- The Washington Times - Tuesday, February 3, 2015

Mayoral endorsements and financial windfalls came hand in hand for two candidates running in April’s special election for vacant seats on the D.C. Council.

New campaign finance reports show Ward 4 candidate Brandon Todd and Ward 8 candidate LaRuby May have assumed the lead as the financial front-runners in their respective races. Both candidates have close ties to D.C. Mayor Muriel Bowser and received her endorsement.

Mr. Todd, who is seeking the council seat Ms. Bowser left to become mayor, reported raising $231,541 in the filing period ending Jan. 31. He’s raised a total of $282,741 in the Ward 4 race — far outpacing the fundraising activities of any of the 14 candidates in the special election. The second highest campaign total in Ward 4 was the $25,910 raised by candidate Leon T. Andrews Jr.

Mr. Todd’s spokesman Everett Hamilton said the mayor’s endorsement was welcome praise but pointed to the candidate’s longtime commitment to Ward 4 as the reason he has garnered so much financial support.

“This is not just someone who was in obscurity that the mayor endorsed and was able to parlay that into an advantage,” Mr. Hamilton said. “This is clearly someone who was a known quantity to the ward.”

Mr. Todd served as Ms. Bowser’s constituent services director when she held the Ward 4 seat and in her mayoral bid, the 31-year-old worked as her finance director. He is also the current president of the Ward 4 Democrats.


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Ms. Bowser was a key figure at Mr. Todd’s most recent fundraising event held Thursday.

“Many thanks to my family, friends and supporters who braved the blistering cold to attend and especially, Muriel Bowser and Bill Lightfoot. This event wouldn’t have been a success without them,” read a message posted on Mr. Todd’s campaign Facebook page following the event.

Of the 14 candidates in the Ward 4 race, five raised less than $1,000 and two had not filed their reports as of Monday.

Bowser-backed Ms. May also far outpaced competitors in the crowded field to replace Marion Barry for the Ward 8 seat he held until his death in November, raking in $177,404 in campaign contributions. The next highest fundraising total reported Monday was the $51,691 raised by candidate Sheila Bunn, a deputy chief of staff under former mayor Vincent C. Gray.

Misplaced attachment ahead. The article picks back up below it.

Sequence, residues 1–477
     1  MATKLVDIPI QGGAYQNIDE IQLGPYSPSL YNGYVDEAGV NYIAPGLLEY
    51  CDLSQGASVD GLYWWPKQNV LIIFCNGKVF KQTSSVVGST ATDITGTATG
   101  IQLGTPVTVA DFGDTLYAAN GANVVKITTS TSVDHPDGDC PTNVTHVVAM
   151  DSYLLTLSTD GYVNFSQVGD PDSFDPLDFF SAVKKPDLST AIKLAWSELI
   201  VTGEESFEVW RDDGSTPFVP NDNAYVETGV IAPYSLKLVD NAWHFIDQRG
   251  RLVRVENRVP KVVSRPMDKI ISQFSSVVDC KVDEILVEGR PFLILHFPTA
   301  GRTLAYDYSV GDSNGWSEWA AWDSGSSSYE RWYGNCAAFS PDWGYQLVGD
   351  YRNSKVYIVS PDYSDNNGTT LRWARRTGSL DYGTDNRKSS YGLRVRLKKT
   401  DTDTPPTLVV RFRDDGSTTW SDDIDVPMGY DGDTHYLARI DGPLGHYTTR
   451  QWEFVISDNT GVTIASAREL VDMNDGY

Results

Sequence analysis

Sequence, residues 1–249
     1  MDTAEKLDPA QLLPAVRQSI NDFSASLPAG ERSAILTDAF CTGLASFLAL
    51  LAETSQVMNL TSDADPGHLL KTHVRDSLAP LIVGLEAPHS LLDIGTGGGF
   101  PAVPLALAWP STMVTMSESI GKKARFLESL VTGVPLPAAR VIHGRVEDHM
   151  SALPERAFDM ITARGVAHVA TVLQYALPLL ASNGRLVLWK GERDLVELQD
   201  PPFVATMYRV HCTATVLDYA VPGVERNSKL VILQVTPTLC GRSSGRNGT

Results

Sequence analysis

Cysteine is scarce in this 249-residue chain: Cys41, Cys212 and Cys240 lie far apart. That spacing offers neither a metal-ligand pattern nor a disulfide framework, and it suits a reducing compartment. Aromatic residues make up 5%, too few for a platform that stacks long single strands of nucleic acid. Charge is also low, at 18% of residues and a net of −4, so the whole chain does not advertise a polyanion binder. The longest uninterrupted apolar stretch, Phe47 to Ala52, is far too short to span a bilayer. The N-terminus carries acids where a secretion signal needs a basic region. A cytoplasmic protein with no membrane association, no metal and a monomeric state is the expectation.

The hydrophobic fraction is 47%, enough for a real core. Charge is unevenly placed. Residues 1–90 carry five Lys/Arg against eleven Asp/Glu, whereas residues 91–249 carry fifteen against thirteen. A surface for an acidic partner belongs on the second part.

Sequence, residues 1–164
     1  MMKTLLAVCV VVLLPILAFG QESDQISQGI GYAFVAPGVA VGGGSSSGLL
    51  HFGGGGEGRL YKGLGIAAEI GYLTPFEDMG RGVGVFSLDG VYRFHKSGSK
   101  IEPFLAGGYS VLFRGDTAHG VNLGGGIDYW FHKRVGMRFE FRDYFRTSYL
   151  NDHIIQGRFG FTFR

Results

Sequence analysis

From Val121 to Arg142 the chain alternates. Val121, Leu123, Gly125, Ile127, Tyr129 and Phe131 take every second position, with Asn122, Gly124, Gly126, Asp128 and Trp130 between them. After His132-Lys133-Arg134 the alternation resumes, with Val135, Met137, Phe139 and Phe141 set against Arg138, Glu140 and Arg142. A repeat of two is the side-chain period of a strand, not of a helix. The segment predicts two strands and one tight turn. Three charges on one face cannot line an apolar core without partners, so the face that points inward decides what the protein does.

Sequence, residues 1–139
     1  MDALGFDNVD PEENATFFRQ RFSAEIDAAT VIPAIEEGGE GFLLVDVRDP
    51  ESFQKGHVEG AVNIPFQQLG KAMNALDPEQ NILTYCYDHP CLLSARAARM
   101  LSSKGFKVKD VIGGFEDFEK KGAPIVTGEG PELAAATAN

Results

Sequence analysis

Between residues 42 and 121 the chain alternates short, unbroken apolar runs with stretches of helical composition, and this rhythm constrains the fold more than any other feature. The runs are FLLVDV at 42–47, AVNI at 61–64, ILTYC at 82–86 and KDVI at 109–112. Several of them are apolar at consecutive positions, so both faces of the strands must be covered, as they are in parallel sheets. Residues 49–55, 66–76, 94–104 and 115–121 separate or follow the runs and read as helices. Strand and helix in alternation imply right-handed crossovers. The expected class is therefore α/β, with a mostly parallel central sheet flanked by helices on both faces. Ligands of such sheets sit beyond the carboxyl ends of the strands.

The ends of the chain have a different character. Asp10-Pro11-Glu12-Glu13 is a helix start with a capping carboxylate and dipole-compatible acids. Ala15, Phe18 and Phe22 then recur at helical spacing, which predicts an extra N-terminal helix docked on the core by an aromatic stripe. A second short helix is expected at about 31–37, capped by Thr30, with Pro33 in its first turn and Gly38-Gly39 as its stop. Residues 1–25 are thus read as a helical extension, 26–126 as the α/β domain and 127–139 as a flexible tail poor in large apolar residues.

Ms. May served as Ms. Bowser’s Ward 8 coordinator in last year’s mayoral campaign and Ms. Bowser attended a campaign fundraiser for the 39-year-old on Saturday.

“It didn’t hurt,” said Ms. May on the effect of the mayor’s endorsement on her campaign coffers. “The amount of money we were fortunate to raise won’t minimize how hard I have to work.”

A review of the campaign finance reports shows a slew of businesses and corporations that gave the maximum donation of $500 to Ms. May also donated maximum amounts to Mr. Todd. Both Mr. Hamilton and Ms. May said there was no coordination between the campaigns to solicit donations from the same companies.

“Any of my friends in Ward 4, I ask them to support Brandon. I think he will be a great council member,” Ms. May said. “But I barely have enough time in the day to coordinate my efforts in my team.”

Ms. May suspects her and Mr. Todd’s campaigns may have received donations from people impressed by both of their work on Ms. Bowser’s mayoral campaign.

“I think when people see people working hard they want to support that effort,” she said. “Brandon and I were working for the same team for a common goal.”

Sixteen candidates, including Barry’s son, Marion Christopher Barry, are seeking the Ward 8 seat. But Mr. Barry failed to file a campaign finance report, leaving his financial prowess unknown. Six other Ward 8 candidates also did not file campaign finance reports.

All those who failed to file reports or request an extension Monday will be referred to the D.C. Office of Campaign Finance’s general counsel for a hearing, said spokesman Wesley Williams.

The special election is scheduled for April 28.

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